My friends giggle as I lay back in the chair. I can’t quiet smile, even though I want to look like this is totally ok with me. The ceiling tiles are peeling in sections and I wonder whether any of it has ever fallen on someone before.
The man comes around to the side of the chair and looks at me over his moustache and beard.
I nod and bite my lip, not trusting myself to say anything right now. I want to back out. I hated the idea to start with. But then I remind myself why I agreed to do it. I need attention from some of the guys at school. Well, one of them anyway. And the social dance is tomorrow. It’s my chance to wear a midriff.
The man pulls on a pair of gloves and picks up a pair of long scissor type things.
I take a deep breath and look back up at the flaking ceiling, begging myself to be brave and hold still.
I flinch when the alcohol wipe touches my belly.
Then his fingers start pulling at the skin and he starts working with the tool. My breath comes in sharp pulls as I hold the straps of my bra, determined not to pull out now that he has started. After a minute, he pauses to pick up the silver piece with the sapphire. I wanted to look like a gypsy princess when I picked it out. As he holds it, the sapphire catches the light and I look at it again before it goes into my belly button.
He pushes the bar through the small hole he made and I know there is a small tear running down my face. Thank God it’s on the side away from my friends. They are still standing there, giggling away like I’m just buying a chocolate bar. Don’t they know this is permanent?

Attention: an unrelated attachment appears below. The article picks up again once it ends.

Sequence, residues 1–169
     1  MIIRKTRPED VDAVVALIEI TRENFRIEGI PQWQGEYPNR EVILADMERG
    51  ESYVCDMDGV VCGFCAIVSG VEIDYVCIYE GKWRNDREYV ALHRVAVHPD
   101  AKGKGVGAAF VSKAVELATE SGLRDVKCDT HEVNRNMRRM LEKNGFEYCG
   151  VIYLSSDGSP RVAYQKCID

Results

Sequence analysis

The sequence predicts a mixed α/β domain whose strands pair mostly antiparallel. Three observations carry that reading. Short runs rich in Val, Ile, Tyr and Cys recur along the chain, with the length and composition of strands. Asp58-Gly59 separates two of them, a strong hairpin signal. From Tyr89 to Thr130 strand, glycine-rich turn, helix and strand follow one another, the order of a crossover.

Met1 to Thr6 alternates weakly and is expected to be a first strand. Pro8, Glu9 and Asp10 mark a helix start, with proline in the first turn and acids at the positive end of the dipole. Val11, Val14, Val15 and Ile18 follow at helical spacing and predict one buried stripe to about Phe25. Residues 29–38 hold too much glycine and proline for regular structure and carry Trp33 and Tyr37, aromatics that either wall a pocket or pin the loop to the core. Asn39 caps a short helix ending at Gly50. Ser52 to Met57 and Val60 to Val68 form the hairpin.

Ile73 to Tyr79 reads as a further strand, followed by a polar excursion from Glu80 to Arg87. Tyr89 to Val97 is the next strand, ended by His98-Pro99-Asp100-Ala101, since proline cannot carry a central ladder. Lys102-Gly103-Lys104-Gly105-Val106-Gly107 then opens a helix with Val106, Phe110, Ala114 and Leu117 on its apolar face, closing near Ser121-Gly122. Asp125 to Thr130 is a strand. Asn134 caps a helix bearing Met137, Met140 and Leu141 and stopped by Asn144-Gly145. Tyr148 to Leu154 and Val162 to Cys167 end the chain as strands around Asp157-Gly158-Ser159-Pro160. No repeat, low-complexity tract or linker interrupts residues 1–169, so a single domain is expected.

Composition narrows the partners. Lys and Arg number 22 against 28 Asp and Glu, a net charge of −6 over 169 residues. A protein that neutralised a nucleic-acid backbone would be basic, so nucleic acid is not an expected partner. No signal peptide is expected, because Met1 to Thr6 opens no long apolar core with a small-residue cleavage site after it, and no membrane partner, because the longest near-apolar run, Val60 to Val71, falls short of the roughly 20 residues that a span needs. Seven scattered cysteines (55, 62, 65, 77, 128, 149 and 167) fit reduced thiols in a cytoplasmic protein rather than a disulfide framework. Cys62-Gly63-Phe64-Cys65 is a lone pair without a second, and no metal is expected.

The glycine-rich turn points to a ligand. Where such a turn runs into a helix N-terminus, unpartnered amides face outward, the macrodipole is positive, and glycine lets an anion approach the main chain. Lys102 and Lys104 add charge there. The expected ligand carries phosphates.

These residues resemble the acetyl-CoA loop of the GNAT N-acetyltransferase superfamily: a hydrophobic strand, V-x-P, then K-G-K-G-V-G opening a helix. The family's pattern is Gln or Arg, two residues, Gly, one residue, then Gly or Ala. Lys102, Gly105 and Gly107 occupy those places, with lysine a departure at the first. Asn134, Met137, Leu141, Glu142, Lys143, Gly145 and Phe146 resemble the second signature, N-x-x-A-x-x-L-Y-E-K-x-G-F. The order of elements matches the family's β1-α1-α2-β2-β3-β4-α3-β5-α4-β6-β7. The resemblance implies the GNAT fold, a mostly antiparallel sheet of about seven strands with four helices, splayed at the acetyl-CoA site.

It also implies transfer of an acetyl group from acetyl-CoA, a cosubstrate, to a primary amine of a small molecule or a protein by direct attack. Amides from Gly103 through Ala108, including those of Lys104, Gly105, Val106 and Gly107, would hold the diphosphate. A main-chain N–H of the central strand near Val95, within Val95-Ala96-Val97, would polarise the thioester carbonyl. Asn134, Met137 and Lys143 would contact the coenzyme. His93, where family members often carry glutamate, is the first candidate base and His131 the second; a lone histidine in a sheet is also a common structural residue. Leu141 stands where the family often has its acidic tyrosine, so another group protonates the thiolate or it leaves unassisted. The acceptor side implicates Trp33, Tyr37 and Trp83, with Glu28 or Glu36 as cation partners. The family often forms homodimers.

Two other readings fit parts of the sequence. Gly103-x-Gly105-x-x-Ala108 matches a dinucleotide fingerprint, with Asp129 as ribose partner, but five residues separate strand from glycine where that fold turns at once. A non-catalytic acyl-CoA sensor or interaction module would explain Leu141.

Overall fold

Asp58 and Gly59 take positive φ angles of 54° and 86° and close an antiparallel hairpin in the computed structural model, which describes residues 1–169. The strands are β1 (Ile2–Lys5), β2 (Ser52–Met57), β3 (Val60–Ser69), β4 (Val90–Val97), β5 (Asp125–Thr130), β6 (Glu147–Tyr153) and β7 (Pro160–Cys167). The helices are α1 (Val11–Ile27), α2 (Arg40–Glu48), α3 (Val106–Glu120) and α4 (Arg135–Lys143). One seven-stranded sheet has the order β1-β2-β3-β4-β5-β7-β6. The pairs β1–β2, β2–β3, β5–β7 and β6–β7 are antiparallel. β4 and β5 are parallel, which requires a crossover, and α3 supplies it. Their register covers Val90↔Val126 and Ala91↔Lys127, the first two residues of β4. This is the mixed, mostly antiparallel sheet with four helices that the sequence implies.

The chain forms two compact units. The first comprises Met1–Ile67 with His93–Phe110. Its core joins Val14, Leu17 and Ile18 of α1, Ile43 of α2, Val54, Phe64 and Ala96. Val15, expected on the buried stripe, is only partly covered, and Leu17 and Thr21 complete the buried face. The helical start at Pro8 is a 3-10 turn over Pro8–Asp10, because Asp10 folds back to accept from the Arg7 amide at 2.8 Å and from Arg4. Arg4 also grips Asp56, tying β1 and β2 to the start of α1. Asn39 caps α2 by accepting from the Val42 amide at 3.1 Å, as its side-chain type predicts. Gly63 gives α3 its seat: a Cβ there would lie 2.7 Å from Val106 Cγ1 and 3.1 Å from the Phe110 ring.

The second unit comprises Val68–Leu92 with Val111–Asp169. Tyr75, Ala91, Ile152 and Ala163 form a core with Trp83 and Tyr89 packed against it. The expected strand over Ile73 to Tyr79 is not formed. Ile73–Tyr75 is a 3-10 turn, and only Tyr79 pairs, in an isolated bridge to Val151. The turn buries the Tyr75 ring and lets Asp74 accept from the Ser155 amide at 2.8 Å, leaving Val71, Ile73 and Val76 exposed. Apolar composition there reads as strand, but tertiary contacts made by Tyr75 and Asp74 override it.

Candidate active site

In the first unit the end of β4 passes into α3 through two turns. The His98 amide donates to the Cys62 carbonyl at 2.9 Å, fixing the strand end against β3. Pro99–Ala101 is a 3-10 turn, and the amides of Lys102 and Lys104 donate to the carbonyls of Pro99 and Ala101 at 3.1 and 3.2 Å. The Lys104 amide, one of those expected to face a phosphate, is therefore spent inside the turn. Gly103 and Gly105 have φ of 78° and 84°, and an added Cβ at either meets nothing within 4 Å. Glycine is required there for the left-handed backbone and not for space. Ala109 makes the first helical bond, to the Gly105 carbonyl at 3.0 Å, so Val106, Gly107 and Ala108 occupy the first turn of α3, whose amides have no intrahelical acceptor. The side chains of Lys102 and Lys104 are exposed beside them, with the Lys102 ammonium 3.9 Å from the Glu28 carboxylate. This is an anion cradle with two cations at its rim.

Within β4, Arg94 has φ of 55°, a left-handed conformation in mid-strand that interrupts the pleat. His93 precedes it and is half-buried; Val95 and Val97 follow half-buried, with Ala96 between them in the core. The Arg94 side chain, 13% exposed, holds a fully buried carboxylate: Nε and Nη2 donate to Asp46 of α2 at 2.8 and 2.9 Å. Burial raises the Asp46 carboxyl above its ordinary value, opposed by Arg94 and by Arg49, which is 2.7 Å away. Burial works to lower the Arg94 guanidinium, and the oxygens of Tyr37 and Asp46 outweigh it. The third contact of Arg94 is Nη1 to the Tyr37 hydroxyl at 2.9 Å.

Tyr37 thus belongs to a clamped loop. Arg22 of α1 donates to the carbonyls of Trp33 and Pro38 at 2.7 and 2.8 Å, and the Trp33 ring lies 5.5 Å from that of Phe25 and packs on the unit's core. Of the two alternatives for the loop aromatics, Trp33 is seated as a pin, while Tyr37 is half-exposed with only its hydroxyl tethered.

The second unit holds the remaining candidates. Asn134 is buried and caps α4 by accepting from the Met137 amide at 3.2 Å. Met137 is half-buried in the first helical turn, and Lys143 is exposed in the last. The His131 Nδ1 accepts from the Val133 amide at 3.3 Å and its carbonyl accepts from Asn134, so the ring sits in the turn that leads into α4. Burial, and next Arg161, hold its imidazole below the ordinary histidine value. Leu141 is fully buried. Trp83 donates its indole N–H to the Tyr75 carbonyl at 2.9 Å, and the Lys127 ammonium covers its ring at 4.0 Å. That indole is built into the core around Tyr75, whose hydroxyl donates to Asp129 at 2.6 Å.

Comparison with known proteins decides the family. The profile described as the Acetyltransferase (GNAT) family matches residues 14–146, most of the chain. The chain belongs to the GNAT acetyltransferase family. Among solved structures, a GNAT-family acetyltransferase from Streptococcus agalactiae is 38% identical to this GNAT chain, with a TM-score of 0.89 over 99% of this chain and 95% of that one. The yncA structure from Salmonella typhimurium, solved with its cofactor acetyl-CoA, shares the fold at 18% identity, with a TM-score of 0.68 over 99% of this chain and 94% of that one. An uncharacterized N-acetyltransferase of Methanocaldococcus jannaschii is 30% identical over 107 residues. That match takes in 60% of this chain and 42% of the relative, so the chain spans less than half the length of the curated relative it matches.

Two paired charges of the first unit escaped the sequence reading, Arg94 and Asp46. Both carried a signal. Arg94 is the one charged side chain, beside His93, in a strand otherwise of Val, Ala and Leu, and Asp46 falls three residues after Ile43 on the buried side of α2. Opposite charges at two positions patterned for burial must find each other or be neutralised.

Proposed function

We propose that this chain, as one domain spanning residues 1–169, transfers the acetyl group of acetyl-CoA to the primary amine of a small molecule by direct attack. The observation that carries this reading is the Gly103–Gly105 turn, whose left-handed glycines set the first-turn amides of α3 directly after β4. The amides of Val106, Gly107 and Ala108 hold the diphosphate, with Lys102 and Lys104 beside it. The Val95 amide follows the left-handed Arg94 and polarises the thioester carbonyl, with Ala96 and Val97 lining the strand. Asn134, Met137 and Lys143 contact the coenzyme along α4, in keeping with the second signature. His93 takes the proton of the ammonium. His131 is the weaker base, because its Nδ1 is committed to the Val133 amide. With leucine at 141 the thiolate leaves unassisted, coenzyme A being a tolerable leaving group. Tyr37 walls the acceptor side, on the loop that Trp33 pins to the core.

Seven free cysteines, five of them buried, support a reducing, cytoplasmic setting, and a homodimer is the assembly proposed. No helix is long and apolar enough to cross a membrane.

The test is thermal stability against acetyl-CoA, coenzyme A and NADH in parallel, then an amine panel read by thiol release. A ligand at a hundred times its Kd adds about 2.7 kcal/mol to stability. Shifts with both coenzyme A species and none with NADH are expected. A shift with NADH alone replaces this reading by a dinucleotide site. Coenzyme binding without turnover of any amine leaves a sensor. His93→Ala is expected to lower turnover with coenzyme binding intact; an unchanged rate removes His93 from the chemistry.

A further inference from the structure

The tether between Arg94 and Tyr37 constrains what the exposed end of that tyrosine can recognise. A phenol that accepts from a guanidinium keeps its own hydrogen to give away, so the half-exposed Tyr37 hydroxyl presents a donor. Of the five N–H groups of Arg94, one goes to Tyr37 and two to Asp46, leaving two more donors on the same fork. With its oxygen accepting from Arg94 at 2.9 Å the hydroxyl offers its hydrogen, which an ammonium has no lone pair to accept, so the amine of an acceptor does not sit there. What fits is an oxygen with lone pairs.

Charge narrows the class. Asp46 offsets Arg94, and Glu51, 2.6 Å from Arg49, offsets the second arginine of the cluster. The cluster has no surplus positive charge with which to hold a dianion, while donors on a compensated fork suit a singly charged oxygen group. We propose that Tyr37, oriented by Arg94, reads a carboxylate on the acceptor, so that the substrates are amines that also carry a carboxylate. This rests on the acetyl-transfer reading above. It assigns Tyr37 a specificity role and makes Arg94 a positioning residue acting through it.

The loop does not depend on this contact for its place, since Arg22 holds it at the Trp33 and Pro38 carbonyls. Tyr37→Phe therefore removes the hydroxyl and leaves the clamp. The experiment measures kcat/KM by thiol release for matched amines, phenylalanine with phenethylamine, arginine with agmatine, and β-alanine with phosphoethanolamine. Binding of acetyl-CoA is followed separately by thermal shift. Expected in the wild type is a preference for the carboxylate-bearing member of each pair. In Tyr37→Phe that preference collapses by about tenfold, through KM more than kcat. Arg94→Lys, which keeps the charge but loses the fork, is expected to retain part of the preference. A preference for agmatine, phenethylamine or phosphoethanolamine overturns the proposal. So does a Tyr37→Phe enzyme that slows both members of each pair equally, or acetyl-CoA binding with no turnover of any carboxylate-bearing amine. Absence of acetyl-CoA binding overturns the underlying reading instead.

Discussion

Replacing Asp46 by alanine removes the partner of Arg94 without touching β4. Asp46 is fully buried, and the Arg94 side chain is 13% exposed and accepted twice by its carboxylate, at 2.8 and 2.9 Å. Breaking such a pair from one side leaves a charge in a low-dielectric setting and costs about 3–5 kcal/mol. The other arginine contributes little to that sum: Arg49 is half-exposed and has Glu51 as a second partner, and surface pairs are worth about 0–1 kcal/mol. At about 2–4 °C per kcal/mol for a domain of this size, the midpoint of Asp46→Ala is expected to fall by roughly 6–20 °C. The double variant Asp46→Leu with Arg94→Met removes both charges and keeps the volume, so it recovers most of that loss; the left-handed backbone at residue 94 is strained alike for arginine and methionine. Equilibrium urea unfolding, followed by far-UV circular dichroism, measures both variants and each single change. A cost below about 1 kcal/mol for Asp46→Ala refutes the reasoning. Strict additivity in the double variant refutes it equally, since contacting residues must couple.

After another tug on my skin, the piercing is complete and my belly button has a bright blue jewel sitting in it.
I look down and then relax back, relieved that it’s over.
As I dress for the dance, I pull out the white halter neck I had set aside. It’s an old one that was too short so I trimmed the bottom and decided to embrace its new length and call it a midriff. I stand in front of my mirror, staring at my reflection. White halter, denim shorts and ballet flats. It’s a lot of skin, but that was the point. I flick my new belly button ring and watch the sparkles catch the light.
Then I look up and notice my Dad standing in the doorway. By his expression, I know he’s seen the belly ring I was going to hide from him.
He turns around, ready to walk away from me. But I need the confrontation. I need him to get angry at me and tell me how disappointed he is. I need to know he cares.
‘Dad, wait,’ I don’t know what to say after that so I just look at him.
His heads bows as his hand rises. I know what he is doing. He always rubs his eyes when he doesn’t know what to do.
‘I’m sorry, I really wanted it. It’s not like I got a tattoo.’
I want so much for him to care about me. But he’s always thought I was a lost cause. I guess I’m just proving his point.
‘Turn around, please.’
3 Comments Add yours
love it jen!
Great emotive writing. Congrats! Made me recall my response to my daughter’s!
Thanks. Good to hear I had the right response. 🙂